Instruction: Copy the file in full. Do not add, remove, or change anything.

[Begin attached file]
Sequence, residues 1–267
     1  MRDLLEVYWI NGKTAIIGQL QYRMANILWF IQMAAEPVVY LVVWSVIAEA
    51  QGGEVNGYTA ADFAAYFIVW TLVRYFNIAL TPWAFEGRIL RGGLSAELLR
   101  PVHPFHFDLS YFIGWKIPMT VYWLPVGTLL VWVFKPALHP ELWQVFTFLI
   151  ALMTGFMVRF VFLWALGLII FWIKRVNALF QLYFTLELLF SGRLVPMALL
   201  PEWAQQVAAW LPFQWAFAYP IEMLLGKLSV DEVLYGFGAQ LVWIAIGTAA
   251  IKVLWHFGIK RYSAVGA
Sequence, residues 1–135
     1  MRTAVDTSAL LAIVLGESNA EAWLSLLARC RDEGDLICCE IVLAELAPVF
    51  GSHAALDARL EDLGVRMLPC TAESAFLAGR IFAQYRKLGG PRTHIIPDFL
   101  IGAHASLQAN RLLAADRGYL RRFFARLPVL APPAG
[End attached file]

Sequence, residues 1–267
     1  MRDLLEVYWI NGKTAIIGQL QYRMANILWF IQMAAEPVVY LVVWSVIAEA
    51  QGGEVNGYTA ADFAAYFIVW TLVRYFNIAL TPWAFEGRIL RGGLSAELLR
   101  PVHPFHFDLS YFIGWKIPMT VYWLPVGTLL VWVFKPALHP ELWQVFTFLI
   151  ALMTGFMVRF VFLWALGLII FWIKRVNALF QLYFTLELLF SGRLVPMALL
   201  PEWAQQVAAW LPFQWAFAYP IEMLLGKLSV DEVLYGFGAQ LVWIAIGTAA
   251  IKVLWHFGIK RYSAVGA
Sequence, residues 1–135
     1  MRTAVDTSAL LAIVLGESNA EAWLSLLARC RDEGDLICCE IVLAELAPVF
    51  GSHAALDARL EDLGVRMLPC TAESAFLAGR IFAQYRKLGG PRTHIIPDFL
   101  IGAHASLQAN RLLAADRGYL RRFFARLPVL APPAG